Russell Phillips
    Participant

    I think it’s best to put threads in a section of the forum where people who might be interested in the subject are likely to spot them.

    That’s what I wanted to say, but Victoria put it better than I could.

    My example would be Cold War turned hot in Europe. It never happened, so it’s a what if, but I tend to think of it as belonging in Modern. That may be because I started wargaming it in the 1980s, when we called it ultra modern 😉

    Military history author
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    #92080
    Mike
    Keymaster

    I am getting the feeling from this topic and the other, that whilst there is no binding definition of what constitutes a what-if/alternate history, most people are quite happy for a ‘plausible’ what-if to be posted in the historical forum that covers the period of said what-if?

    #92083
    Russell Phillips
    Participant

    That’s what I was trying to say, yes.

    Military history author
    Website : Twitter : Facebook

    #92084
    Not Connard Sage
    Participant

    My example would be Cold War turned hot in Europe. It never happened, so it’s a what if, but I tend to think of it as belonging in Modern. That may be because I started wargaming it in the 1980s, when we called it ultra modern 😉

     

    Wot ‘e said.

    "I go online sometimes, but everyone's spelling is really bad. It's... depressing."

    #92086
    John D Salt
    Participant

    most people are quite happy for a ‘plausible’ what-if to be posted in the historical forum that covers the period of said what-if?

    It certainly seems more sensible that lumping Cold War armour, Vikings vs. Chinese, Harry Turtledove and VBCW all in together. The question then becomes, what counts as “plausible”?

    All the best,

    John.

    #92087
    Mike Headden
    Participant

    Operation Sealion, Chinese attack on Roman territory, Cold War gone hot were all feasible ( for a certain value of feasible 🙂 ) and planned for. The Chinese invasion of Norway was neither.

    The former are historical ( for a certain value of historical) the latter is not.

    Sumerians vs Samurai games possibly belong in an AAR/ Games Played subset of each period sub-forum?

    Growing old is mandatory, growing up is entirely optional!

    #92089
    Not Connard Sage
    Participant

    most people are quite happy for a ‘plausible’ what-if to be posted in the historical forum that covers the period of said what-if?

    It certainly seems more sensible that lumping Cold War armour, Vikings vs. Chinese, Harry Turtledove and VBCW all in together. The question then becomes, what counts as “plausible”? All the best, John.

     

    Most gaming is implausible. 🙂

    Especially if you’re into the competition side of the hobby. Which I’m not, although my Aztecs and Incas have been known to get together for a scrap. As have my GSFG and BAOR, and that never happened either, thank gods.

     

    "I go online sometimes, but everyone's spelling is really bad. It's... depressing."

    #92090
    Patrice
    Participant

    It has long been accepted (at least when I began wargaming a long time ago…) that people playing rules as WRG, DBA, or DBM, with historical armies respecting their army list, were playing “historical” even if these armies never met in the real world.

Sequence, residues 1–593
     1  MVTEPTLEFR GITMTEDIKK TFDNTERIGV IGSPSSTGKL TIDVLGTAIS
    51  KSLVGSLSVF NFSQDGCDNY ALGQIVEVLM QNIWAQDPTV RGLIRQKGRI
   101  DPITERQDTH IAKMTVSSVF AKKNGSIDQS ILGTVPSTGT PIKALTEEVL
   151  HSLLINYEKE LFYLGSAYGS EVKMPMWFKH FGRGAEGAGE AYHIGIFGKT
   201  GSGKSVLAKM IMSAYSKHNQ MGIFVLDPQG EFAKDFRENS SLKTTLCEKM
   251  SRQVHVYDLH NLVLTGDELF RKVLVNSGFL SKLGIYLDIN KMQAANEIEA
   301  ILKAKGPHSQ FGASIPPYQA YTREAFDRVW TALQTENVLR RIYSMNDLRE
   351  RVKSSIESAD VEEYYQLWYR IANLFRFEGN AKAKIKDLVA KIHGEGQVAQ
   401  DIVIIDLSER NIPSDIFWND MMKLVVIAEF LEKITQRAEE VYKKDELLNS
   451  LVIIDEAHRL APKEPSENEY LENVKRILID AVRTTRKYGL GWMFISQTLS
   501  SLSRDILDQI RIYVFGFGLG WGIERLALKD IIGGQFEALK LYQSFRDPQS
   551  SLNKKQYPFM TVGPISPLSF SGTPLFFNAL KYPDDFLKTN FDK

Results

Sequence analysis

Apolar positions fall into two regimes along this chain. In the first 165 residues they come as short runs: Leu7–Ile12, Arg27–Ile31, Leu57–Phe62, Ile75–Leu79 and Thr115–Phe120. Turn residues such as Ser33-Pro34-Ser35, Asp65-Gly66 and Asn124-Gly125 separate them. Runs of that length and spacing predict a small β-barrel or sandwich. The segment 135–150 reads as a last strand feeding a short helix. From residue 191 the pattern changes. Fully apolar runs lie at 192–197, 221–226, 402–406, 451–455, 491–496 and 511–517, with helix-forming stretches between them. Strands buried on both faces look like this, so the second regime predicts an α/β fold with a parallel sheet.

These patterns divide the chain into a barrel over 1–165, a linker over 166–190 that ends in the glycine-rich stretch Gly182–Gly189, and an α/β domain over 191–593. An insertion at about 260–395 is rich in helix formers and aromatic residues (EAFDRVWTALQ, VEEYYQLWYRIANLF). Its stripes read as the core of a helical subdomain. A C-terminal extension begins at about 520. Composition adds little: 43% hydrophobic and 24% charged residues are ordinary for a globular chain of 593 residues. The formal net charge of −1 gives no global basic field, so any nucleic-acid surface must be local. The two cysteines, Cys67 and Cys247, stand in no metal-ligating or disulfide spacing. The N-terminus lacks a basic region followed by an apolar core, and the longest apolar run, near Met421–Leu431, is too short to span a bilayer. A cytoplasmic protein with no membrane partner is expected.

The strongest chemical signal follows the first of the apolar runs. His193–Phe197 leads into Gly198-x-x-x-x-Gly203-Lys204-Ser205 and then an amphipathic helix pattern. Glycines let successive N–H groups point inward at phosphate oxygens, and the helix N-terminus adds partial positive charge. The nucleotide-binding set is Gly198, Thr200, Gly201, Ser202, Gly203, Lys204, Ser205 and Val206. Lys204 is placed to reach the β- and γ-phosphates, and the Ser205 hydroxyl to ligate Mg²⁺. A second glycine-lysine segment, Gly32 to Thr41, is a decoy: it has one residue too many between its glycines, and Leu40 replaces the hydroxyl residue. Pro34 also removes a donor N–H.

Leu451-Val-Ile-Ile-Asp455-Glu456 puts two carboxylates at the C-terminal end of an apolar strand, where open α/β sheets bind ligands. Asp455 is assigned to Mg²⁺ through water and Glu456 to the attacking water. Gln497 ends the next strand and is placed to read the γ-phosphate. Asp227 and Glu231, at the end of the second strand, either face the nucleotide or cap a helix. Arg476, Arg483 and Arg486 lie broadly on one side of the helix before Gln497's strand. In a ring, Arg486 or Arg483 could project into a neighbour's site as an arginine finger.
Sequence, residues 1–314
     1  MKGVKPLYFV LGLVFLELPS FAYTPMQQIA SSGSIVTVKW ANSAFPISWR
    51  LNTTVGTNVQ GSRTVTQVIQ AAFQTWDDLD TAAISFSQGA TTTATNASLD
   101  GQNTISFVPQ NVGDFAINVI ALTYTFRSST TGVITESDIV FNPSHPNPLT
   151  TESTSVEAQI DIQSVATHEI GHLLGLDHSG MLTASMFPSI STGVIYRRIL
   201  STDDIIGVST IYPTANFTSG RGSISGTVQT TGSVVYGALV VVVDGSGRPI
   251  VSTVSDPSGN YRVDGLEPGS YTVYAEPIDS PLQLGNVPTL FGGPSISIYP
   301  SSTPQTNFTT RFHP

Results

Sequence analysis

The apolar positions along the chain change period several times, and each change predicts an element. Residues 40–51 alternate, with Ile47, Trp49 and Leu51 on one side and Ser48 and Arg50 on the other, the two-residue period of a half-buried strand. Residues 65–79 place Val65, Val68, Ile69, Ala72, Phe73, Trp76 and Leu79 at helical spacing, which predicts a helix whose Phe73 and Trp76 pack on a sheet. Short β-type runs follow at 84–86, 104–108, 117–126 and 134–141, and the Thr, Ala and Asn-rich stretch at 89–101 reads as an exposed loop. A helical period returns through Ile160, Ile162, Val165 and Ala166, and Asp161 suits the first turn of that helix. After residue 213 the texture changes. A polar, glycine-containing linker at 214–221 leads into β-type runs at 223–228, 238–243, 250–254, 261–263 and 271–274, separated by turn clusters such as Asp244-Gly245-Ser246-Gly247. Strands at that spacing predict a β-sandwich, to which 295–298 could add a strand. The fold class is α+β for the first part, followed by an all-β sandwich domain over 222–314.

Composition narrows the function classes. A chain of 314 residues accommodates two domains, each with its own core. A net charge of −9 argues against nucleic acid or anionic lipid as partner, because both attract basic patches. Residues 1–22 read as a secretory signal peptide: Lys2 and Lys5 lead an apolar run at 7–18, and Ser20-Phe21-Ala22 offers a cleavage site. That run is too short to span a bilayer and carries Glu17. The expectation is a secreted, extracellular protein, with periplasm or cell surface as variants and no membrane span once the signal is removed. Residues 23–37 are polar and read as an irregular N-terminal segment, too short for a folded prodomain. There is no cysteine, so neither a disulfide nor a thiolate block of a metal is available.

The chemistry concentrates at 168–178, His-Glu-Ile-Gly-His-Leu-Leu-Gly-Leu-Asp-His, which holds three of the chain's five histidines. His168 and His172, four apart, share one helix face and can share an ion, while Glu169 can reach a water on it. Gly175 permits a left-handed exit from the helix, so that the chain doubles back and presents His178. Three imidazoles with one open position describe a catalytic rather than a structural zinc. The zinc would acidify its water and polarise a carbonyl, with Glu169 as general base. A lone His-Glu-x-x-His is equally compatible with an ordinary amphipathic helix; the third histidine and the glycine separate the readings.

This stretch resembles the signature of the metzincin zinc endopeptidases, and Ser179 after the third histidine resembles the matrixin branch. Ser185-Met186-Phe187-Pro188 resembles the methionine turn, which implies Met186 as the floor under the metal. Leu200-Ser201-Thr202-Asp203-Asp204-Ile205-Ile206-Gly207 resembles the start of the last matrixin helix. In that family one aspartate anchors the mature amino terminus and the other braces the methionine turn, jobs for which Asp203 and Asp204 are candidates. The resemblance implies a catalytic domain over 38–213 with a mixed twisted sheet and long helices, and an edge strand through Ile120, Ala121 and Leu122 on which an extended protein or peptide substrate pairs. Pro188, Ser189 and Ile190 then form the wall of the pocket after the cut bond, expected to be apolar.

I would draw a line between this, and armies which never really existed: the VBCW as others have said, or WW2 extending to 1947 etc, for which there obviously cannot be “historical” army lists and also because of a tendancy from companies to imagine and produce un-historical vehicles and weapons etc for such imaginary contexts.

    http://www.argad-bzh.fr/argad/en.html
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    #92105
    Ivan Sorensen
    Participant

    My gut feeling is that they should go with the period they are a “what if” for.

    Nordic Weasel Games
    https://www.wargamevault.com/browse/pub/5701/Nordic-Weasel-Games?src=browse5701

    #92110
    kyoteblue
    Participant

    I’m good with whatever happens.

    #92123

    I do think ‘Imaginations’ has carved out a niche for itself: fictional nation-states set in a particular time period, generally but not necessarily pre-modern. And, to me, there’s a lot more to Imaginations than just a one-off battle or two. There’s a whole fictional history to construct, personalities to bring to life, campaigns to plan and document. ‘Alternate history’, though, seems to be of smaller scope; fictional battles between contemporary though perhaps geographically distant, historically plausible forces.  So, China vs Rome is ‘Alternate History’ (to me) but not ‘Imaginationary.’ I would expect to find Alternate History AARs with the historical stuff. I would not necessarily expect to find Imagination AARs with the historical stuff. Granted, though, the crossover point is fuzzy and indistinct.

    Self taught, persistently behind the times, never up to date. AKA ~ jeff
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    #92180
    Cerdic
    Participant

    I would agree with the general sentiment here.

    If I’m interested in a historical period I would expect to find all the stuff pertaining to it in the same place. Including ‘what ifs’.

    I’m a big fan of KISS. Keep It Simple, Stupid! Helps my confused brain….

    #93904
    grizzlymc
    Participant

    “Competition wargaming does strange things to people.” This should be tattooed on the inside of wargamer’s eyelids.

     

    I like Vicky of Dock Green’s test of plausibility, although it’s tough.  I find Georgians vs Edwardians plausible (if a bit revolting – it’s fine for Johnny Foreigner to sort out politics by force of arms, but civilised people leave it in Westminster) as do  I the Great Franco Italian War of 1935, or the Great Anglo/Franco Japanese war of 1940, or the late 19th C Anglo Franco Russian and Anglo German naval wars or the Great War in Blue Red and Green.  Some of my South American wars are awkward, but I would do Peru or Argentina Vs Chile as modern, or in the latter case, maybe WWII.

    I think imaginations is Bongolesia, Grand Duchy of Fenwick and Dutchy of Lorraine Vs the Vereinegte Free State.  There are issues with fictional states which are common to all periods.